Joe Taylor has been sober and chaste for the past four years, but on his 34th birthday he is the same age his father was when he took his own life.  Joe is struggling with that memory.  On this particular night he returns to the party scene prepared to throw it all away.  He meets Wendy, a very sober and innocent young lady who happens to be visiting her sister, the host of the party, that night.

It is the most unlikely meeting, but for Joe it is everything, it is hope, and it derails him from the self-destructive lifestyle he was prepared to take up again.  He falls in love with Wendy, she falls for him as well, and they grapple with what it means to love someone and be loved, both coming from alcoholic families and Joe being a dry, but recently fallen, alcoholic himself.  Both must deal with the way their childhoods have made an impact on their adult lives and with family members that are not supportive of them.  In this, they regain their faith and reach a point where healing can begin.

Q: This new novel bears a "mature" rating for some of the content depicted, but has a deeper meaning and message. Why the "R" rating and why are these elements fundamental to the story you're telling in Inheritance?

A: First of all, I absolutely did not want anyone who has read anything I have written before to expect G rated material.  I want people to know that up front and I tried to make that clear with an “R” rating and the blurb on the back of the book.  I especially do not want moms allowing their teens to read the book without their consent.  My teens, both seventeen, are not allowed to read it yet and this mainly has to do with the first chapter of the book.  It deals with Joe’s very dark state of mind, his struggle and, in part, his consent to the temptation to get drunk and have sex.

From the beginning, I knew this character was in a dark place mentally and he needed to be there so that hope would be a bright contrast to despair.

Also, there are at times the usage of strong language and flashbacks to show abuse Joe suffered in his childhood.

But this is not a bodice ripper, nor is the plot driven by sexual tension as romances tend to be these days.  Sharon Cummings of CMOMC.org said that the book is clean and refreshing.

What I have is a man in a very dark place who needs to come to the light and for that, I rated it “R”.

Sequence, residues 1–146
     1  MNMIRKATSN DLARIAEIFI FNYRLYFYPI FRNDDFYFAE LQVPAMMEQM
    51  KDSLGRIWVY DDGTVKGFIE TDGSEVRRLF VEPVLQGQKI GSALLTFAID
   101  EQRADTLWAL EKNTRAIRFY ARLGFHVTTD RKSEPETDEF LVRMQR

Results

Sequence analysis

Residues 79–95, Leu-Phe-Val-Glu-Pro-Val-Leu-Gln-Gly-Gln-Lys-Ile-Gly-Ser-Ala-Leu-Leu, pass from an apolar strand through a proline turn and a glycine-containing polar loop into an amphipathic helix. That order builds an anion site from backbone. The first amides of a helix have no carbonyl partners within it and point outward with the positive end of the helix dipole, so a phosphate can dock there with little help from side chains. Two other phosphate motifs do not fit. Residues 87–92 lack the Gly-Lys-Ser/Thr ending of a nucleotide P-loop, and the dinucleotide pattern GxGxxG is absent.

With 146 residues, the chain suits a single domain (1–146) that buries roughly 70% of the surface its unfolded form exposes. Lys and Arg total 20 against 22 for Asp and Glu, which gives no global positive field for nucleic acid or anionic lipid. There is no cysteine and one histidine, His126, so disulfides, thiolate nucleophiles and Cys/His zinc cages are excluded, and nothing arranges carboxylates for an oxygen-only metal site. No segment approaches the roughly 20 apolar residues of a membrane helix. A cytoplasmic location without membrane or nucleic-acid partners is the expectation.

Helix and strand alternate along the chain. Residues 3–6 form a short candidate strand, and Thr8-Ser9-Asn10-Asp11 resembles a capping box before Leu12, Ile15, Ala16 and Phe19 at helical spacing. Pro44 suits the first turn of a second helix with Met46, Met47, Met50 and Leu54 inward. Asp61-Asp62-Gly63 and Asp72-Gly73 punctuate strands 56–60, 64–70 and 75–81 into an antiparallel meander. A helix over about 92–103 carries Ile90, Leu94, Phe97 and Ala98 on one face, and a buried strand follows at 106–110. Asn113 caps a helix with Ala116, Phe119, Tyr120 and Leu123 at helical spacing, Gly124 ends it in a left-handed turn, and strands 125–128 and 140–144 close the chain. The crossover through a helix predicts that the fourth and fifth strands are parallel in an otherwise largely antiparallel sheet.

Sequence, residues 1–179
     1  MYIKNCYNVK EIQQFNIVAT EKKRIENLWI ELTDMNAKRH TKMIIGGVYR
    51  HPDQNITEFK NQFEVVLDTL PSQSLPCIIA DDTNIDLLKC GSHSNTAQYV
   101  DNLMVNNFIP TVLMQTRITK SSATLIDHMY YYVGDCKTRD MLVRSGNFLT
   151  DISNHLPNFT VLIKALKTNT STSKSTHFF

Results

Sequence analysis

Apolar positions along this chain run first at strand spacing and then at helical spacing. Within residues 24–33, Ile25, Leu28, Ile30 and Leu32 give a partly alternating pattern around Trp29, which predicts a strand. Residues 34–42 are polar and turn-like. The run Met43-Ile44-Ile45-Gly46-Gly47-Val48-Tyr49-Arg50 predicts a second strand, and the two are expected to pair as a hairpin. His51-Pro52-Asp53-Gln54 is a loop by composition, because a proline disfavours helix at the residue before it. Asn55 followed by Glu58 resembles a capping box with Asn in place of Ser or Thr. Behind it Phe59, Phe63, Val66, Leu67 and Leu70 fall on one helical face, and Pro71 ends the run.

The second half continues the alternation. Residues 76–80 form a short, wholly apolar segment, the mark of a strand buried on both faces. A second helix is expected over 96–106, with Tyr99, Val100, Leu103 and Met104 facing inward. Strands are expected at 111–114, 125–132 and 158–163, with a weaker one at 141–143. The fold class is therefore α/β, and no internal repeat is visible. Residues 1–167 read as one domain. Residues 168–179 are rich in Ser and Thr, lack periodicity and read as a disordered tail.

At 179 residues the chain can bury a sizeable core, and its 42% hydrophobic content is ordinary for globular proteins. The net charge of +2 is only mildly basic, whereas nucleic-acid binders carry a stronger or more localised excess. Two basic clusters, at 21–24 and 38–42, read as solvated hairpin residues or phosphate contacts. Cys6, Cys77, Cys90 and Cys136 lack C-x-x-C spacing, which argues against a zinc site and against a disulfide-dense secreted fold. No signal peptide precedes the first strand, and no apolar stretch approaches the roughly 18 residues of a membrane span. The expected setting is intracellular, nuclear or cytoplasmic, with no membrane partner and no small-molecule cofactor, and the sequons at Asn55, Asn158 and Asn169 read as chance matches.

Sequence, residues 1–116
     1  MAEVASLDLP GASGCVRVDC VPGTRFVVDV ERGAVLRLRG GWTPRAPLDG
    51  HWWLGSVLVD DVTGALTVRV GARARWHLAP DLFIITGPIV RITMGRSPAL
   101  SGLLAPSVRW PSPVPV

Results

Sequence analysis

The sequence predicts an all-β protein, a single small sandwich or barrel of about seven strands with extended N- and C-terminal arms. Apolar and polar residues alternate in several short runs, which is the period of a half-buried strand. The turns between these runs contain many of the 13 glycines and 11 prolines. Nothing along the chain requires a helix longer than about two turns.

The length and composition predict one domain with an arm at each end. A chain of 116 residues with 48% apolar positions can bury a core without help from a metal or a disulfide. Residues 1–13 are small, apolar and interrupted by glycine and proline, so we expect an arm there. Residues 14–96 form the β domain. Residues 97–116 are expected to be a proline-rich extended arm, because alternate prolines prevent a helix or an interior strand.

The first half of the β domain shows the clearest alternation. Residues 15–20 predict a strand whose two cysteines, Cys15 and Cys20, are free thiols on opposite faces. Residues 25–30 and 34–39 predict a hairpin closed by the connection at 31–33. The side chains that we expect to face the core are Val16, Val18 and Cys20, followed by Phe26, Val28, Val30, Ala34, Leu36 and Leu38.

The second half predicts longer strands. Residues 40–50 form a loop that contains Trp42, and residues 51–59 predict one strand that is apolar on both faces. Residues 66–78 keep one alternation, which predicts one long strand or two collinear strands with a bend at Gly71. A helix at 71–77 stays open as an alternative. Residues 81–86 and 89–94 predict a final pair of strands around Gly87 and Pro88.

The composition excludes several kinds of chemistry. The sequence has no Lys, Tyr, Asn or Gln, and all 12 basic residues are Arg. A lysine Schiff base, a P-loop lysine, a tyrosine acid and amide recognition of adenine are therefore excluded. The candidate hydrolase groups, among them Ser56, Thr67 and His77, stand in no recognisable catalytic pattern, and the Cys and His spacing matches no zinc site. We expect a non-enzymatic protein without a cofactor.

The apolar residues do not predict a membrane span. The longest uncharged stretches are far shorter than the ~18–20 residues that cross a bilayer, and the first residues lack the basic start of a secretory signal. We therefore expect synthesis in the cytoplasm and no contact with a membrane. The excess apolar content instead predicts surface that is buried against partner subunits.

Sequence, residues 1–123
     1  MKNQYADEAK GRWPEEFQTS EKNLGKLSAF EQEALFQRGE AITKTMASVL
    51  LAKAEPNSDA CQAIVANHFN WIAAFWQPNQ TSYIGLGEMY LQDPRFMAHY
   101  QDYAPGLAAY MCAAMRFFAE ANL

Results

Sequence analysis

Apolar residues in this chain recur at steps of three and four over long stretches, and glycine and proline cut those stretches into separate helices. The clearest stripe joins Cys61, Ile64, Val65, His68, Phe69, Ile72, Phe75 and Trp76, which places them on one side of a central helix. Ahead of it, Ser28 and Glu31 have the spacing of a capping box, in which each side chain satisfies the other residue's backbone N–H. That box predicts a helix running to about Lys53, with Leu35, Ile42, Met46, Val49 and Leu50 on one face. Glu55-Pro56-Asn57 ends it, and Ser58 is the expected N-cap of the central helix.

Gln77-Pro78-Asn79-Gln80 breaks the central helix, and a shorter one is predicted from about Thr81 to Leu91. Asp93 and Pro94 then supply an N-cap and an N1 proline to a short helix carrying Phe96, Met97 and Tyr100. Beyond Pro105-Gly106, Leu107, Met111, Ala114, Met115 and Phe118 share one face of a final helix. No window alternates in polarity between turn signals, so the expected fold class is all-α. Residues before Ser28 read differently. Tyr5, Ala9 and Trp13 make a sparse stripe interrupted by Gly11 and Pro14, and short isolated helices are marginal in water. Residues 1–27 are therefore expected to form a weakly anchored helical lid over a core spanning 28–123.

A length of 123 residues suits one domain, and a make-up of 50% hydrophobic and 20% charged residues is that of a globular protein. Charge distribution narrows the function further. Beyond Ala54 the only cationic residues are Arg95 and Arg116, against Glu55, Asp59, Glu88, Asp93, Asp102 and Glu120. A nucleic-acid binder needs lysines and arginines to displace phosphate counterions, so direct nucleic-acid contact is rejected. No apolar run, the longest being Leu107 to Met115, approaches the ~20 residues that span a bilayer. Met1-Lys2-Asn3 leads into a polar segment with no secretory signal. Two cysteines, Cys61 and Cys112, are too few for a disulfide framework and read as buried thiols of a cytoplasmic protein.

Besides, in my perfect world, authors would have the courtesy of rating their own books before you read them (especially if they deserved a “mature” rating) so you’d be prepared up front and know what you were going to put into your mind ahead of time.  I took a chance with the rating, and may lose some readers, but hopefully gain their respect and the respect of my audience.  That’s important to me.

Q: What have you enjoyed about the adventure of writing fiction? Who are some of your favorite novelists and how have the impacted upon your writing?

A: I enjoyed these characters taking over and demanding to be heard...even though it drove me crazy at times, because when I first started writing Inheritance, especially with Joe’s character, I had no idea what to do with him because I couldn’t relate to his experiences.  But, I could relate to grappling with an addictive personality, mortal sin, struggling for intimacy and needing and seeking God’s mercy and forgiveness.

Hemingway was a favorite of mine in high school and college.  He understood dark places.  But can I write like him?  No, not in the least.  I am very much my own voice.

I like Stephen King’s writing for the stream of consciousness that he does so masterfully.

And I have to say that Harlequin’s Steeple Hill Love Inspired series has influenced me because those books have shown that you can write about love and not leave God out of it...except I want to have Catholic characters and the freedom to write a little more than just boy-meets-girl if the characters take me there.

Q: What's next personally and professionally?

A: Professionally, my readers have been requesting a sequel to Inheritance, which I am inclined to oblige.

Personally, I am going to enjoy my children at home this summer.  My twins are seventeen and this is their last summer as high school students.  My oldest son is fourteen and will be starting high school in the fall – a huge milestone.  Not only is he maturing, he’s growing taller than me!  And my youngest, whom I homeschool, will be starting third grade and he’s becoming more worldly by the day, so I think I will just take my time and enjoy my kiddos.

Q: Are there any additional thoughts or comments you'd like to share with our readers?

A: Right now you can buy Inheritance in paperback through Lulu.com for $11.89 or download a .pdf version for $7.99.  Details and reviews can be found here:  http://www.lisabarker.com

Inheritance will be available through Amazon.com later this year.  I would also like to create a Kindle version and will be working on that after the book is available through Amazon.com.